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The folks at the Cleveland Orchestra are calling their production of The Cunning Little Vixen the “opera event of the season.” They just might be right. Featuring original animation, the production promises to “plumb the depths of human experience in a charming tale of love, peril, freedom, and family.” Sung in Czech with English supertitles, the opera centers on Vixen (Czech soprano Martina Janková) as she tries to find happiness. Tonight’s performance takes place at 8 p.m. at Severance Hall with repeat performances scheduled to take place at 7:30 p.m. on Tuesday, May 20, at 7:30 p.m. on Thursday, May 22 and at 2 p.m. on Saturday, May 24. Student Tickets are $10 ($15 if purchased less than one hour prior to concert start time) and tickets for the general public start at $35. (Niesel)
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Jazz and cinema are two art forms that developed in tandem, and the Cleveland Institute of Art Cinematheque celebrates this relationship in what’s been dubbed the Double-C JazzFilmFest. This first-ever jazz film series is dedicated to the memory of WCPN’s Jazz Tracks host Bobby Jackson. The series runs until June 21 and serves as a fitting prelude to Tri-C JazzFest. Tonight’s iteration includes the new documentary A Great Day In Cleveland: Behind The Scenes, a film depicting 143 local jazz musicians, and supporters creating in image inspired by Art Kane’s iconic 1958 photograph A Great Day In Harlem. This short is followed by the Oscar-nominated documentary A Great Day In Harlem, giving insight to the aforementioned famous photo. The screening begins tonight at 5:15 and the film also shows at 4:30 p.m. tomorrow. Bird, Clint Eastwood’s portrait of Charlie Parker starring Forest Whitaker, also screens tonight at 6:45. Tickets are $9. (Eric Gonzalez)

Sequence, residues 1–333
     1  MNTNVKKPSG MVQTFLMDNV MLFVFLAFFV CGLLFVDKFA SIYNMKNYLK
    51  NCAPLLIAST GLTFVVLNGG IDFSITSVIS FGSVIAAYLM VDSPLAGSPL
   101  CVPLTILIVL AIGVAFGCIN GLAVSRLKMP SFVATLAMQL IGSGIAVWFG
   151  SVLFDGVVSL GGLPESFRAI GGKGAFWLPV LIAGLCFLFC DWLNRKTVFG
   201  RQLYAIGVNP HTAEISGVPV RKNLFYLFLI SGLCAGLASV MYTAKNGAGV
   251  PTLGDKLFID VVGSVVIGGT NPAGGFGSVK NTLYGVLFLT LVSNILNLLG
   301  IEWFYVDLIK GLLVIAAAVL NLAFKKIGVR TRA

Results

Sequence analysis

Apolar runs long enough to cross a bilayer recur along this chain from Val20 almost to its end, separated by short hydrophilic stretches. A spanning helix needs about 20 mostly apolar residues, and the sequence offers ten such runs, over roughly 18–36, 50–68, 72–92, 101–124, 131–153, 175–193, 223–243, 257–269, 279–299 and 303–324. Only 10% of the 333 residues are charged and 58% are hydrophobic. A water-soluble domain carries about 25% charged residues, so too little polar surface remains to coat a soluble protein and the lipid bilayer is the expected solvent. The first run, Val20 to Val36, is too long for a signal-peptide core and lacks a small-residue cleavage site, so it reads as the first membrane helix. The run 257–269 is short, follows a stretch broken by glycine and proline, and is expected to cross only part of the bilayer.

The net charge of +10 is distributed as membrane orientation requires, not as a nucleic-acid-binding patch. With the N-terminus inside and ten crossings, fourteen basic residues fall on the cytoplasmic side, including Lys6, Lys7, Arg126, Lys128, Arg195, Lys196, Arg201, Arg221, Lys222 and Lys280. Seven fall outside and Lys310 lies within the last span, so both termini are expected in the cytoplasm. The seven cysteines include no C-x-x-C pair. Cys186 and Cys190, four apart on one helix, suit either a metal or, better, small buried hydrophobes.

Photo via Cleveland Scene Archives
Are you ready to run? The 37th Annual Rite Aid Cleveland Marathon is back on Sunday, May 18. This year, runners will take to a new course, sweeping through Lakewood and Rocky River. The fun begins at 7 a.m. at Cleveland's historic Public Square and ends outside the Cuyahoga County Courthouse.(Vidmar)
Photo via Cleveland Scene Archives
Local singer-turned-entrepreneur Cali Miles now runs her own talent group that deals with, as she puts it, “all facets of the entertainment industry.” Tonight from 8 to midnight at Shooters, she’ll host auditions for her Bomb Squad. "We're looking for all kinds of women, ranging from dancers to DJs," says Miles. "But we're also looking for leaders. We're looking for young women who want to go out into the community and give back because that's really important to us as well." You can bet some of the hottest dancers and models in town will be on hand for the event, which is open to the public. Plus, Miles will perform as well. A panel of celebrity judges will rate the best performers, and audience members can vote for their favorite performer as well. "I'm really excited to see all the girls perform," she says. (Niesel)
Photo via Cleveland Scene Archives
Pop diva Lady Gaga shamelessly borrows so much of her look and sound from Madonna, it's any wonder the Material Girl hasn't filed a cease-and-desist yet. But maybe she doesn't have to. While Gaga's 2008 album The Fame delivered hit after hit and racked up platinum sales at a time when platinum sales were hard to come by, her latest offering Artpop has matched the success of previous efforts, even though it arrived with a huge media blitz. Still, expect this show to be replete with costume changes and plenty of theatrics. Though heavy with tracks from Artpop, the show will also feature monster hits such as "Born This Way," "Alejandro" and "Bad Romance." (Niesel)